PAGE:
The trial court admitted this warranty in evidence and in effect held that the defendant was responsible for any breach of it on the ground that as a sales agent of the manufacturer it had adopted the warranty as its own. It is to be observed that the warranty declares no dealer, agent or representative may make any representation or warranties on behalf of the manufacturer 'except to refer purchasers to this warranty.' The question whether or not a dealer in delivering this manufacturer's warranty adopts it as his own presents a controversial question involving the principle of privity of contract. See Williston on Sales, Secs. 233, 244a. Not in point are those cases of liability of the manufacturer of a defective automobile or other article purchased from a dealer for injuries sustained by reason of the defects, as in Olds Motor Works v. Shaffer, 145 Ky. 616, 140 S.W. 1047, 37 L.R.A., N.S., 560, Ann.Cas.1913B, 689, or for breach of the manufacturer's warranty made by an authorized agent, as in Missouri Moline Plow Co. v. Render, 199 Ky. 773, 251 S.W. 977, or some foreign cases perhaps closer in point of fact. In them the manufacturer was a party defendant. We need not go into the question here because the case was submitted under an instruction of breach of an implied warranty that the truck was free from defects and was suitable to perform the purposes for which it was bought. See Stanley's Instructions to Juries, Sec. 689, publishing instructions approved in Day Pulverizer Co. v. Rutledge, 238 Ky. 817, 38 S.W.2d 949.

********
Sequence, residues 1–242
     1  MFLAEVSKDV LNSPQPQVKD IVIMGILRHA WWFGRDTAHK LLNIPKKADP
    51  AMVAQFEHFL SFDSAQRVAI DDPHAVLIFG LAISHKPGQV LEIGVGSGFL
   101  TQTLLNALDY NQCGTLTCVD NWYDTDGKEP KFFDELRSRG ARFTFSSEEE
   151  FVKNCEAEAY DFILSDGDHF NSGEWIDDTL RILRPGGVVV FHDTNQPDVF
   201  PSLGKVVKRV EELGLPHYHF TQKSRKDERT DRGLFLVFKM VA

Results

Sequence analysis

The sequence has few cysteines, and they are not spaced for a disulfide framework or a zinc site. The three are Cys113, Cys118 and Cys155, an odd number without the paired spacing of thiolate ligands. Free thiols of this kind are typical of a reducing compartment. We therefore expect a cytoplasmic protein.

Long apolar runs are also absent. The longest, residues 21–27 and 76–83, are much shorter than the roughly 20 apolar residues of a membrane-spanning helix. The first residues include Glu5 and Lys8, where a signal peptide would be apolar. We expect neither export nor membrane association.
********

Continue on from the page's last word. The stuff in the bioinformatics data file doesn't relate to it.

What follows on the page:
On the facts, the instant case is almost identical with Sparks v. Doss, Ky., 253 S.W.2d 245, affirming a judgment for breach of warranty of an automobile. In that case the dealer seems to have accepted responsibility under the manufacturer's warranty. However, we found the evidence sufficient to sustain a verdict for breach of an implied warranty that the automobile was reasonably suitable for the purpose for which it was bought. KRS 361.150. Indeed, sometimes a machine so fails to accomplish the purpose for which it is bought that the court is justified in holding it not to be a merchantable article and that there was no delivery of that which was bought. Myers v. Land, 314 Ky. 514, 235 S.W.2d 988.
Concerning the contention that the appellee must have promptly offered to return the truck and to rescind the contract, we point to the fact that it was returned within three weeks and continuously thereafter for repair, and the defendant continuously assured the purchaser that it would be put in good condition and repeatedly undertook to make it work properly. In any event, the purchaser had the right of election to rescind or to sue for damages, and he elected the latter remedy. Frick Co. v. Wiley, 290 Ky. 665, 162 S.W.2d 190.
Objection is made that the court interpolated in the instruction on the measure of damages offered by the plaintiff a provision allowing reasonable compensation for the loss of the use of the truck not to exceed $600, the amount prayed. It was proper for the court so to amend the instruction although not requested by the plaintiff. It is true, as the appellant submits, that there was no specific evidence as to the reasonable rental value of a like truck during the period the plaintiff was deprived of his machine. But he submitted an itemization of payments made on that account. This seems to be sufficient, there being no question as to the reasonableness nor indication in the verdict of an unusual award on this account. As we have stated, the verdict was for $1,500 for all damages. In arguing that there was no evidence as to the value of the truck or its diminution, the appellant overlooks the testimony of the appellee that if the truck was in the condition it was supposed to be and as recommended to him, it was worth what he paid for it, $1,785.85, and that the fair and reasonable market value of the truck in the condition it actually was in was $535. This indicates that there was an allowance of $250 for the loss of the use of the truck, which was well within the amount proved.
The judgment is affirmed.